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SUB-POPULATION N° 10

·

Sudan

The continuing civil war in the South has adversely affected wildlife in general, including lions. Most parks have been over run by pastoralists and/or farmers. (M. Sommerlatte, pers. comm.; A. Radcliffe, pers. comm.).

·

Uganda

Among threats to lions in Uganda are armed conflicts on the Sudanese border, and infected livestock from South Sudan moving into Kidepo Valley National Park and apparently poisoning incidents as a result of stock raiding. The sub-population appears to be increasing at least in Kidepo Valley NP (R. Lamprey, pers. comm.; A. Radcliffe, pers. comm.). SUB-POPULATION N° 11

·

Sudan

Preliminary surveys are underway in Boma National Park, and others are planned (M. Sommerlatte, pers. comm.). However, this survey has no information on lions there.

·

Ethiopia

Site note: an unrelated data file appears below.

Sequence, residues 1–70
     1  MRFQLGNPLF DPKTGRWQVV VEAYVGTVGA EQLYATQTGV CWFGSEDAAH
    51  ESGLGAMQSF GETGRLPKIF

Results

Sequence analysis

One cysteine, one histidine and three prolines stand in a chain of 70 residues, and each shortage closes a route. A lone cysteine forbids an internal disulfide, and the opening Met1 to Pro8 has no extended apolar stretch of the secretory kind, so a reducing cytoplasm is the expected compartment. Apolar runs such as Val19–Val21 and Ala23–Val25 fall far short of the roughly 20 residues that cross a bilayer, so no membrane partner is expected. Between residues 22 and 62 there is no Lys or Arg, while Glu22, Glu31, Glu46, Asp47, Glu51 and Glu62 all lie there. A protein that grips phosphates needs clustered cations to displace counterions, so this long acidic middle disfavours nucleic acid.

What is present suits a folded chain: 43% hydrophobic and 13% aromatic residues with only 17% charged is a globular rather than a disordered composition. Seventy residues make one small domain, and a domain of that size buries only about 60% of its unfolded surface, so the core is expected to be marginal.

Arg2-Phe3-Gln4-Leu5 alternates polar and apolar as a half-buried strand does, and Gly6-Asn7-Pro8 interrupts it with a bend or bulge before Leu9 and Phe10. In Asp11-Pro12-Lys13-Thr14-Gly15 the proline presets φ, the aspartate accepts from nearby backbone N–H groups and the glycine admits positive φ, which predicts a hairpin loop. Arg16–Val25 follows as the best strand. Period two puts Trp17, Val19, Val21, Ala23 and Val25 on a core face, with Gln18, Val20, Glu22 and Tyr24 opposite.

It is worth mentioning that information on Ethiopia is hard to obtain and accurate information even harder. The present study has shown large discrepancies between the figures provided by sources, with up five-fold variance in estimates for the country as a whole. For instance two sources produced very different estimates of (i) 900 to 1050 lions, certainly unlikely to exceed 1,500 (A. Racliffe, pers. comm., 2002) and (ii) a "speculated" population of "roughly" 4,900 lions in total (Y.D. Abebe & T. Mattanovich, pers. comm., 2002). Both figures are useful considering the paucity of information and the respondents must be respected for bravely making a considered guess in the absence of any other data. In the case of sub-population n° 11 it exists in a very large area encompassing a number of National Parks, Controlled Hunting Areas (73,889 km²), and non-gazetted areas (67,200 km²) creating a total area of 141,000 km² which is estimated to hold a population of over 700 lions. These figures however, both the area and population estimates, must be treated with the utmost caution.